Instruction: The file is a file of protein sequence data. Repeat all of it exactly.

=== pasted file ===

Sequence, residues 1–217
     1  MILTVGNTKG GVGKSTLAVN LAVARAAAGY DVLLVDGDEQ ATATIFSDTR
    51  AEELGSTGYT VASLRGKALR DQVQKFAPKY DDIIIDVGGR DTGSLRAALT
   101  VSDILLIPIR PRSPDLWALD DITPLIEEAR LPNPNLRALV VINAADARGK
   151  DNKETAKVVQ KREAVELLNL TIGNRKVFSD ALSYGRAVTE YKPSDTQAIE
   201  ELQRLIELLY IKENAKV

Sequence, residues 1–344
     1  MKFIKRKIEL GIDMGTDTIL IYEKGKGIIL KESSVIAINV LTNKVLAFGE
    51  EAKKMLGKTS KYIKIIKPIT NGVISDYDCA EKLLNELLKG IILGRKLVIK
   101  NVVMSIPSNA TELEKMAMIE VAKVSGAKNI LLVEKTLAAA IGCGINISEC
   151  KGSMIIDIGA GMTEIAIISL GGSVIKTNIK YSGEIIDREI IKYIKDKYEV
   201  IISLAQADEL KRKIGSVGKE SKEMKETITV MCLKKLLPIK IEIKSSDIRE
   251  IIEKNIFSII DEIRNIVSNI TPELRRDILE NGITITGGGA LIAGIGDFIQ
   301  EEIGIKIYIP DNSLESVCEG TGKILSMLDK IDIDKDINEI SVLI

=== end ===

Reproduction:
Sequence, residues 1–217
     1  MILTVGNTKG GVGKSTLAVN LAVARAAAGY DVLLVDGDEQ ATATIFSDTR
    51  AEELGSTGYT VASLRGKALR DQVQKFAPKY DDIIIDVGGR DTGSLRAALT
   101  VSDILLIPIR PRSPDLWALD DITPLIEEAR LPNPNLRALV VINAADARGK
   151  DNKETAKVVQ KREAVELLNL TIGNRKVFSD ALSYGRAVTE YKPSDTQAIE
   201  ELQRLIELLY IKENAKV

Sequence, residues 1–344
     1  MKFIKRKIEL GIDMGTDTIL IYEKGKGIIL KESSVIAINV LTNKVLAFGE
    51  EAKKMLGKTS KYIKIIKPIT NGVISDYDCA EKLLNELLKG IILGRKLVIK
   101  NVVMSIPSNA TELEKMAMIE VAKVSGAKNI LLVEKTLAAA IGCGINISEC
   151  KGSMIIDIGA GMTEIAIISL GGSVIKTNIK YSGEIIDREI IKYIKDKYEV
   201  IISLAQADEL KRKIGSVGKE SKEMKETITV MCLKKLLPIK IEIKSSDIRE
   251  IIEKNIFSII DEIRNIVSNI TPELRRDILE NGITITGGGA LIAGIGDFIQ
   301  EEIGIKIYIP DNSLESVCEG TGKILSMLDK IDIDKDINEI SVLI